Contributors: Brad C. Deutsch Principal, Garvey Schubert Barer, P.C. and Aaron S. Edelman, Attorney, Garvey Schubert Barer, P.C.
In our previous blog posts, we’ve addressed both the possible risks associated with marijuana advertising that are unique to being the federal licensee of a radio station and the intricacies of many state laws regarding digital media advertisements for marijuana.
The latest development in the push to normalize marijuana and cannabis products as a consumer good comes from the cannabis industry’s own “Self-Regulatory” member organization, the National Association of Cannabis Businesses (NACB), which has recently adopted voluntary standards for advertising by its members. This blog post examines what impact these voluntary standards will actually have for advertising on the radio.
The answer is that these standards are mostly significant as a marketing tool for the cannabis industry. The standards do not represent any actual change in the legal status of marijuana or in the risks associated with airing an ad for a product that is still illegal at the federal level.
As we shared in our post on digital media advertisements, the most common state laws governing marijuana advertising typically address three concerns: (1) making sure that ads do not geographically target audiences that live outside the state in which marijuana is legal, (2) making sure that ads are not targeted to anyone under 21, and (3) making sure that ads are not false or misleading.
The core aspects of the NACB standards track these common state restrictions by: (1) pledging not to buy advertising that specifically targets persons located outside the licensing state, (2) requiring any ad buyer to “utilize a method of age affirmation” to prevent ads from targeting anyone under 21, and (3) prohibiting any false or misleading ads.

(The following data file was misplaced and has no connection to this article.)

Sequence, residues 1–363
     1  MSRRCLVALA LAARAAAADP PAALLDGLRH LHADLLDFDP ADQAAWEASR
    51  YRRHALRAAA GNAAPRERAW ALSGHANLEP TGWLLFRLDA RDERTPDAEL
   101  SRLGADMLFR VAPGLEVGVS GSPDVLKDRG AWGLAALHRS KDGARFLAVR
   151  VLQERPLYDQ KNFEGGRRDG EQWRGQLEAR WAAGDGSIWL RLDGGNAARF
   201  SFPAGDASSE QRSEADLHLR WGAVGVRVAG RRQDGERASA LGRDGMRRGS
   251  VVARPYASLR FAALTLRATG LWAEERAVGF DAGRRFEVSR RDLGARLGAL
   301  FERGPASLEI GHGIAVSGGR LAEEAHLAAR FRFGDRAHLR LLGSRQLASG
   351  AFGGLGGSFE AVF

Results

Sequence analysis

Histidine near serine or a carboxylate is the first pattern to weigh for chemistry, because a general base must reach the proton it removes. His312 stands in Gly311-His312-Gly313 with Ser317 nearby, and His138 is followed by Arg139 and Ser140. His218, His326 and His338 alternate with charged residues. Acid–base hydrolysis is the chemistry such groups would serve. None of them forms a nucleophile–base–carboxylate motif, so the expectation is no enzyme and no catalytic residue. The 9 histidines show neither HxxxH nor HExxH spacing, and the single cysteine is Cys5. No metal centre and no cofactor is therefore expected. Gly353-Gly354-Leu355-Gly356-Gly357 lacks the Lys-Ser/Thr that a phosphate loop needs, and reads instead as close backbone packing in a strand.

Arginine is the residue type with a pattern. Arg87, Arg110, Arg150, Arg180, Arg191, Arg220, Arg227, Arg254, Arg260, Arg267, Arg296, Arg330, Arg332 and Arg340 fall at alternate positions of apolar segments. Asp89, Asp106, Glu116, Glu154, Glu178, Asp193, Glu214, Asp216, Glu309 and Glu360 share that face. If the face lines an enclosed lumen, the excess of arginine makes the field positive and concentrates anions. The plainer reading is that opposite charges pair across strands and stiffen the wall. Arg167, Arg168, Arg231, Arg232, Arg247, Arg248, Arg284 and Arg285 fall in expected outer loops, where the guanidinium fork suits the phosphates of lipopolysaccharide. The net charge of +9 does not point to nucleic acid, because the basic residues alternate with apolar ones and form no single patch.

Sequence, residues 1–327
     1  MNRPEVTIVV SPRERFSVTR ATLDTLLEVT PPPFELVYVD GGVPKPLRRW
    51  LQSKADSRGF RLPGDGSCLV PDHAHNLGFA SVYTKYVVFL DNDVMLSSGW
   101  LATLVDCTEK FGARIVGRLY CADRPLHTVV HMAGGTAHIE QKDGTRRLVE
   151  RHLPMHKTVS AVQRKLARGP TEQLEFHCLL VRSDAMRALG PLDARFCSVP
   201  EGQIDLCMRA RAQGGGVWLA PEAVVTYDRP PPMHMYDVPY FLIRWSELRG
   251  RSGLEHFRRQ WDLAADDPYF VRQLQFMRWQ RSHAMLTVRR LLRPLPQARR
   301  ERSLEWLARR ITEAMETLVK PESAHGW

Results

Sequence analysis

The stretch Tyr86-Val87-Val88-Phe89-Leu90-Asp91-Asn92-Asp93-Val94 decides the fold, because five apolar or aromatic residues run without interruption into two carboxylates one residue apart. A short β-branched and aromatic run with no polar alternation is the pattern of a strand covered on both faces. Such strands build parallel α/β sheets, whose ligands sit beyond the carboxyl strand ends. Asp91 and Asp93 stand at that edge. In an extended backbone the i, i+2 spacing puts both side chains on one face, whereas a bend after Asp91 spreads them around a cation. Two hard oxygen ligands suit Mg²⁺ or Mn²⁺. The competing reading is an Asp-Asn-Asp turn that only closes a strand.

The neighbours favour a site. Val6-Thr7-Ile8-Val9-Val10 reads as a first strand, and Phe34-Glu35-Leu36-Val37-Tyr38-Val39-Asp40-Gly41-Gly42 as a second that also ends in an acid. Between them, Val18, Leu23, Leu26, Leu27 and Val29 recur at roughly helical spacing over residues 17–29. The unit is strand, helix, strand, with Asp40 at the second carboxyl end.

These guidelines are comparable to the standards used in the alcohol industry and the cannabis industry’s interest in policing itself is really an effort to make consumers comfortable with the product and convince regulators that the industry deserves a light touch. In rolling out the standards, the NACB said the goal is to “build trust amongst market participants and local, state, and national regulators.”
The new industry advertising standards are available on RAB.com as well as on the NACB website. But, once again, these standards are voluntary industry best practices for a member-based industry association. The penalty for non-compliance is only that an offending company could be expelled from the association.
The fact remains that any decision to air a marijuana ad remains a careful risk assessment and at this point it may be best to err on the side of caution because, at the end of the day, radio stations operate based on a federal license and marijuana remains illegal at the federal level.